There’s no right or wrong way to make a birth plan.
Just as every woman is different, so is every birth plan. Some are just a short list of bullet points, others are extremely detailed. The best birth plans are highly personalized.
Some ideas for how to create a birth plan include:
1. Download a birth plan checklist
A printable birth plan worksheet with tick boxes is by far the easiest method when it comes to creating a birth plan.
You just fill in the blanks and tick your preferences. If you want to make a birth plan in under five minutes, this is the way to do it.
If you want a more detailed, personalized birth plan, you can use the birth plan template as basis to create your own.
2. Look at sample birth plans
You’ll find lots of birth plan examples online. These can be useful in demonstrating both how you could set out your birth plan and what to include on it.
There can be a lot of medical terms and jargon around having a baby, even with a natural birth.
Reading other people’s birth plans is a great way to educate yourself about options that you didn’t know existed.
3. Use a birth plan generator tool
A birth plan generator tool is a bit like an online quiz, where you select your preferences around what you would like for your birth. Then you click the ‘generate’ button and a computer program uses this information to build a personalized birth plan for you.
Even if you don’t use the birth plan pdf that it generates, it can be handy to give you some ideas.
4. Present your birth plan nicely
If you present your midwife with a birth plan that’s scrawled in spidery handwriting or printed in a small font with no paragraph breaks, then there’s a very good chance that she won’t read the whole thing.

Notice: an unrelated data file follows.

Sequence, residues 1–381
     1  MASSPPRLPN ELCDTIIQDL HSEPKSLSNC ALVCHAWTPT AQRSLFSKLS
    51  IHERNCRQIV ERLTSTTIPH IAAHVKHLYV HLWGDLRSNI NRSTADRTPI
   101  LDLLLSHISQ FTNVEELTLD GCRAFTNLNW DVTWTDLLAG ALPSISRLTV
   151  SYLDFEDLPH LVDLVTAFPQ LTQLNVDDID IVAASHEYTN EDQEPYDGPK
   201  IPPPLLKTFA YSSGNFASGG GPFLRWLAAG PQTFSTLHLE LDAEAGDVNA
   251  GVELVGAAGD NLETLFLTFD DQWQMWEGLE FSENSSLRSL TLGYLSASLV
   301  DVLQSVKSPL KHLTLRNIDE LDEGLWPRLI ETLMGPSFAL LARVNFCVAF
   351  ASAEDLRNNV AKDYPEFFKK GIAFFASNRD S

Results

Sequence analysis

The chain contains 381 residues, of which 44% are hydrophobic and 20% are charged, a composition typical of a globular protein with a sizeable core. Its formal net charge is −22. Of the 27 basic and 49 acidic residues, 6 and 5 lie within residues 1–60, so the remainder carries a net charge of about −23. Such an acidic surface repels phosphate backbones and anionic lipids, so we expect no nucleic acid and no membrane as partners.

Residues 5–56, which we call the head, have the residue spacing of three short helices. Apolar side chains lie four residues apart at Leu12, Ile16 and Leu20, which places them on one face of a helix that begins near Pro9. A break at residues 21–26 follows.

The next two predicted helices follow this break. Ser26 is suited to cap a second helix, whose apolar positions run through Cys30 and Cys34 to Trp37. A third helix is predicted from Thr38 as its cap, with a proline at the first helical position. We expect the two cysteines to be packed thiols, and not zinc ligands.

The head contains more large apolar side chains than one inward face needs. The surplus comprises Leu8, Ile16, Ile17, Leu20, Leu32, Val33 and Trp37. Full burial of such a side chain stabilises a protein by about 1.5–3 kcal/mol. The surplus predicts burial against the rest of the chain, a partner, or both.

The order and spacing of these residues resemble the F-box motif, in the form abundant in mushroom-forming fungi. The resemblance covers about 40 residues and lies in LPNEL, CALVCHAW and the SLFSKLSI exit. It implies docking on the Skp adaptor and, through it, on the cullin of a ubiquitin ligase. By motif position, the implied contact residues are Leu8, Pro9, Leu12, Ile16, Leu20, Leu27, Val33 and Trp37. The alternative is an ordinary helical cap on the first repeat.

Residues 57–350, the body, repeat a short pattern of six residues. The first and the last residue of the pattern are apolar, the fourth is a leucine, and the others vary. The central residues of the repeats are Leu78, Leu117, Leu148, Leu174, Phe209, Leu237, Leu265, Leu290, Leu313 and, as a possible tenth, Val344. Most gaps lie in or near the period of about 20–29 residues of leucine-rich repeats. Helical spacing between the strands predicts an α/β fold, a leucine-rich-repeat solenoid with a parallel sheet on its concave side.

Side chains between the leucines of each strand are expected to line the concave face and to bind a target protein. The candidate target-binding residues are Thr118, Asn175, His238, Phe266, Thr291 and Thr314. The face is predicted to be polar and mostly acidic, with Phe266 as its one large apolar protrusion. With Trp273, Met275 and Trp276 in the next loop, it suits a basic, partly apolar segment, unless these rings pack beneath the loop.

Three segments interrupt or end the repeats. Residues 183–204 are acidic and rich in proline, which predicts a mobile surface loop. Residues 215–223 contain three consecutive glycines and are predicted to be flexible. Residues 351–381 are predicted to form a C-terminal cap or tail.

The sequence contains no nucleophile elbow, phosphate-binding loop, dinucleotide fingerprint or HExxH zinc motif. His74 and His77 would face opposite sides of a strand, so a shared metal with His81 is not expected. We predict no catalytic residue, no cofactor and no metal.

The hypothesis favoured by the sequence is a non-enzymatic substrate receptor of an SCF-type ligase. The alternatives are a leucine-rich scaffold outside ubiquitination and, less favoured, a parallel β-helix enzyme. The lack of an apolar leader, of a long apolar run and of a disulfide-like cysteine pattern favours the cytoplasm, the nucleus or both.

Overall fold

Birth plans should be easy to skim read to ensure that everything is communicated as well as it can be.
Visual birth plans which include color-coded icons or pictures do a great job of communicating birth preferences at a glance.
It’s also a good idea to arrange your birth plan into sections, with headings such as:
- Before birth
- During labor
- During delivery
- After delivery
When to write a birth plan
You should start to think about what a natural birth means to you and what your preferences are at some point in your second trimester.
You don’t need to have it down on paper until your 32nd to 36th week of pregnancy. Starting early will give you enough time to bring up any questions with your midwife so that you can make the right decisions for you.
Writing a birth plan is an important step in preparing for the birth of your child. You could use a quick and easy birth plan generator or template to create your birth plan document in minutes. Or, you could use one of these as a basis to build your own custom birth plan that you can then print at home and bring along to the birth.
And don’t forget, after birth comes postpartum! If you haven’t yet begun looking into how you can prepare for your postpartum experience, the postpartum recovery journal can help!
Other Natural Birth posts you’ll love: